A measure of concentration, a reciprocal measure of dispersion. For this model the Von Mises circular normal distribution equation was used. The default value of k is 2 so the effect wind dispersal has on the spores shows an average distribution.

If k is set to 0 the wind dispersal will have no effect on distribution.

r.spread.sod species=lide_den_int lvtree=all_den_int infected=inf_2016 output=spread_sodk1 wind=NE moisture_file=precipitation.txt temperature_file=temperature.txt start_time=2016 end_time=2021 kappa=0 random_seed=4

If k is larger than 2 the distribution becomes very concentrated around the prevailing wind direction.

r.spread.sod species=lide_den_int lvtree=all_den_int infected=inf_2016 output=spread_sodk2 wind=NE moisture_file=precipitation.txt temperature_file=temperature.txt start_time=2016 end_time=2021 kappa=4 random_seed=4

Gamma(y)

Output of SOD spread for spore_rate=0 for the years 2016-2021. Overlaid onto the orthophoto image.
Output of SOD spread for spore_rate=10 for the years 2016-2021. Overlaid onto the orthophoto image.

A parameter between 0 and 1 used in the equation for Bernoulli distribution. This parameter is then factored into the Cauchy distribution model for the probability of using the first model. In this instance, a change in the gamma value doesn’t visually affect the output. An example console input for this factor would be:

r.spread.sod species=lide_den_int lvtree=all_den_int infected=inf_2016 output=spread_sodg1 wind=NE moisture_file=precipitation.txt temperature_file=temperature.txt start_time=2016 end_time=2021 gamma=0.5 random_seed=4

Spore_rate

The spore production rate per week for each infected tree. This model uses the Poisson distribution model to determine the spore rate value. At the time of the initial infection the spores were calculated to spread at a rate of 4.4 spores per week.

Decreasing the rate down to 1 scales down the spread a great deal. However there are still new areas of spread.

r.spread.sod species=lide_den_int lvtree=all_den_int infected=inf_2016 output=spread_sodsr1 wind=NE moisture_file=precipitation.txt temperature_file=temperature.txt start_time=2016 end_time=2021 spore_rate=1 random_seed=4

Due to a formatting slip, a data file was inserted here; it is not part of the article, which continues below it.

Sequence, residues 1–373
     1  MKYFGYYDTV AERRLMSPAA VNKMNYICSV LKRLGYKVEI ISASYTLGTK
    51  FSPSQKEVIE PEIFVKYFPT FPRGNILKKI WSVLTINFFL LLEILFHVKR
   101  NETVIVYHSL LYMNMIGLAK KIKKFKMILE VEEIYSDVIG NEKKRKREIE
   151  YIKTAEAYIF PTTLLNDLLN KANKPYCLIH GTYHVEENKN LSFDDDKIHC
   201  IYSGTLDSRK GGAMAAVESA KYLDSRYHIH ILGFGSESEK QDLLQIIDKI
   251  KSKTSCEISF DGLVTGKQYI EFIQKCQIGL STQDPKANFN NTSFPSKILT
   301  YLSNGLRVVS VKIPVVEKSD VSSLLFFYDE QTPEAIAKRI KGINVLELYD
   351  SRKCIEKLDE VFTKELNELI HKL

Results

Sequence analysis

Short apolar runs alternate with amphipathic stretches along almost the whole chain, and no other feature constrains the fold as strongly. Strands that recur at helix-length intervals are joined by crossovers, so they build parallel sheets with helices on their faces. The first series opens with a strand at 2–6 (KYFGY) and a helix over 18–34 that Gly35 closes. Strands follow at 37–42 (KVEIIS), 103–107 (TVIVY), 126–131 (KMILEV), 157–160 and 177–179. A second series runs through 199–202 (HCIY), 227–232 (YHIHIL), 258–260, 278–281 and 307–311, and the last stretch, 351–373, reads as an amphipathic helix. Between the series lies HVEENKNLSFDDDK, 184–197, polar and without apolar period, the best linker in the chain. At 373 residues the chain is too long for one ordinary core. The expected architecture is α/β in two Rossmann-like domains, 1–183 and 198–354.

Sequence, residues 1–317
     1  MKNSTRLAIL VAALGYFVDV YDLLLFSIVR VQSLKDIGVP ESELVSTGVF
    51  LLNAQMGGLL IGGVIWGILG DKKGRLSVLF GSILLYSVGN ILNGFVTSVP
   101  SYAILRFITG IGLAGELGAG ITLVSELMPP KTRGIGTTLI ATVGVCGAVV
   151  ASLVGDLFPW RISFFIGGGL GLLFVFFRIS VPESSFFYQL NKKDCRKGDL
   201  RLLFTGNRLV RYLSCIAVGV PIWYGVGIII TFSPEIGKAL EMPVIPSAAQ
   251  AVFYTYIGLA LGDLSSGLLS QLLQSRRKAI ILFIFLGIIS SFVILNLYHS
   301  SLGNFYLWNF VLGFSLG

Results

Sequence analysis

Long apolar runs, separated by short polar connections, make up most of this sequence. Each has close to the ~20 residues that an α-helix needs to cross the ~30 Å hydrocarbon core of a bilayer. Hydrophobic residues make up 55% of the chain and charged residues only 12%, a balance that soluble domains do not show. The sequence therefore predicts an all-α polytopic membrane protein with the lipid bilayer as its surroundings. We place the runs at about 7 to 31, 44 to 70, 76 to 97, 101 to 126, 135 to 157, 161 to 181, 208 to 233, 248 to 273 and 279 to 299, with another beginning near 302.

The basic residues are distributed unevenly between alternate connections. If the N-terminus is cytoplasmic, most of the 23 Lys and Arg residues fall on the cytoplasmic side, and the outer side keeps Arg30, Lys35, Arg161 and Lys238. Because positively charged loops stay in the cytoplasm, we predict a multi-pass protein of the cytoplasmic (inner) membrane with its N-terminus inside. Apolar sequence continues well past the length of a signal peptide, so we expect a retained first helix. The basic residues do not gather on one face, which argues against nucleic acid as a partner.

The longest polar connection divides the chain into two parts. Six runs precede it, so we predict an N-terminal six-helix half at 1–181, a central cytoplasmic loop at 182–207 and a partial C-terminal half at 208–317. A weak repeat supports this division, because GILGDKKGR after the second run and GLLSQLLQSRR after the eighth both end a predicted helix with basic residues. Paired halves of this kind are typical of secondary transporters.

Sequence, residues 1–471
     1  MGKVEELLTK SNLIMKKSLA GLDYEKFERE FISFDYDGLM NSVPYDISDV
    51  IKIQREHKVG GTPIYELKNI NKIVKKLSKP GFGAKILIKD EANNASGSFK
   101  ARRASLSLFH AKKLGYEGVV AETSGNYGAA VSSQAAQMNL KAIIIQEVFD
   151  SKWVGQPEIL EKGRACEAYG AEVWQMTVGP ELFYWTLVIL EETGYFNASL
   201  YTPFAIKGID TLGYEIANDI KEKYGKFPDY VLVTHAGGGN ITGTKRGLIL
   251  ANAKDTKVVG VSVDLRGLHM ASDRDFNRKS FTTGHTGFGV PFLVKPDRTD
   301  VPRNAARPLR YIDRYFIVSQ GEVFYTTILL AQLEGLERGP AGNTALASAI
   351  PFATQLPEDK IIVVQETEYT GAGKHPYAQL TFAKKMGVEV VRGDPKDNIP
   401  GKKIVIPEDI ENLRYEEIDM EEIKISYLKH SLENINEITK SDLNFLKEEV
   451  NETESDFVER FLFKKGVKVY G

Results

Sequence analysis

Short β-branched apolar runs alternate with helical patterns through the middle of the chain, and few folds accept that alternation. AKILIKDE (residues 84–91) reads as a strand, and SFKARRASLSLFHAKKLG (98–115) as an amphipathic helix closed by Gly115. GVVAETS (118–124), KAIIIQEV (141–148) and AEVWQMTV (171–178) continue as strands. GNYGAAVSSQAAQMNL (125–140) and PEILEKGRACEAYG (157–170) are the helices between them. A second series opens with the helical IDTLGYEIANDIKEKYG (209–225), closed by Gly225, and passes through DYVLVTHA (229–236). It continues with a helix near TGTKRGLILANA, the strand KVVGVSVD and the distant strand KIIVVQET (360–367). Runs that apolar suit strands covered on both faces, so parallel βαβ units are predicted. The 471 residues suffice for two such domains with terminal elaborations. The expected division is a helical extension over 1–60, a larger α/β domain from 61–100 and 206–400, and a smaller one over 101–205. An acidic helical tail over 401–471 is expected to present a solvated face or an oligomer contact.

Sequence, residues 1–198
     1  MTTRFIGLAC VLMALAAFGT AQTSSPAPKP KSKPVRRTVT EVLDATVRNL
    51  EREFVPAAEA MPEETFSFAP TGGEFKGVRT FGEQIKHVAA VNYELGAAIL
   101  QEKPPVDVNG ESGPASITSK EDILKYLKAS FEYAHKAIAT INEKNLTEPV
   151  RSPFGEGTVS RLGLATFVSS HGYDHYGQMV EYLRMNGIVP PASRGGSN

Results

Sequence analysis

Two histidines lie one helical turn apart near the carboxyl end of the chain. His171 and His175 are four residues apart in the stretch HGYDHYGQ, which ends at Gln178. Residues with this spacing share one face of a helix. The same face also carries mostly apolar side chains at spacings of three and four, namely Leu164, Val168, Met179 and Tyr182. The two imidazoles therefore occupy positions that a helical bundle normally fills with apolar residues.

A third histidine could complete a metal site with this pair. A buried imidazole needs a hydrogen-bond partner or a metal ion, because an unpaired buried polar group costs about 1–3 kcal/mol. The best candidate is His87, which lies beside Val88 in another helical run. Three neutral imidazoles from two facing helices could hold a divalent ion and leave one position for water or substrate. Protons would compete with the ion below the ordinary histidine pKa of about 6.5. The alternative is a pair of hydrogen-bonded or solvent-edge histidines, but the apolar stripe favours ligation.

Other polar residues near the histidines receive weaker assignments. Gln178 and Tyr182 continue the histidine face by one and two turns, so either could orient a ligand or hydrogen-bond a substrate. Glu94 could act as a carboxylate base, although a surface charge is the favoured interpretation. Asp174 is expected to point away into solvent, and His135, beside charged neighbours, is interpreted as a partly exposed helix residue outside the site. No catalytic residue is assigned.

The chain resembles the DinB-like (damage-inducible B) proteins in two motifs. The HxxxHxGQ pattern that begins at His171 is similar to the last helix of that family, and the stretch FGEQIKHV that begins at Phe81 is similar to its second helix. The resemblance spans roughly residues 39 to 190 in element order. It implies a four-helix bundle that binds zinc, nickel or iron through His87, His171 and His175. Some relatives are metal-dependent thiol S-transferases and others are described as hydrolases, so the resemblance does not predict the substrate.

Increasing the rate to 10 drastically increases the spread, as to be expected.

r.spread.sod species=lide_den_int lvtree=all_den_int infected=inf_2016 output=spread_sodsr2 wind=NE moisture_file=precipitation.txt temperature_file=temperature.txt start_time=2016 end_time=2021 spore_rate=10 random_seed=4

Updating these calculations on a regular basis can be done quite easily through the model to better monitor the spread. These values can also be adjusted for distinct locations or different forms of sudden oak death.

Output of SOD spread for scale_1=1 for the years 2016-2021. Overlaid onto the orthophoto image.
Output of SOD spread for scale_1=50 for the years 2016-2021. Overlaid onto the orthophoto image.

Scale_1 and Scale_2

Parameters dealing with the Cauchy distribution, which is the equation that calculates the continuous random distribution of the spores based on inputs. These scale factors effect the outcome by increasing or decreasing the distribution of the spores. Scale_1 is default set to 20.57 which was found to be the initial spread scale in the western Oregon SOD case.

Setting scale_1 factor to 1 so it has no effect in the equation.

r.spread.sod species=lide_den_int lvtree=all_den_int infected=inf_2016 output=spread_sods1_1 wind=NE moisture_file=precipitation.txt temperature_file=temperature.txt start_time=2016 end_time=2021 scale_1=1 random_seed=4

Setting scale_1 factor to 50 so it has a greater effect on the spread.

r.spread.sod species=lide_den_int lvtree=all_den_int infected=inf_2016 output=spread_sods1_2 wind=NE moisture_file=precipitation.txt temperature_file=temperature.txt start_time=2016 end_time=2021 scale_1=50 random_seed=4

Scale_2 is undefined in the equation when the model is run on default. In this instance scale_2 has no visual effect on the output. An example console input for this factor would be:

r.spread.sod species=lide_den_int lvtree=all_den_int infected=inf_2016 output=spread_sods2 wind=NE moisture_file=precipitation.txt temperature_file=temperature.txt start_time=2016 end_time=2021 scale_2=20 random_seed=4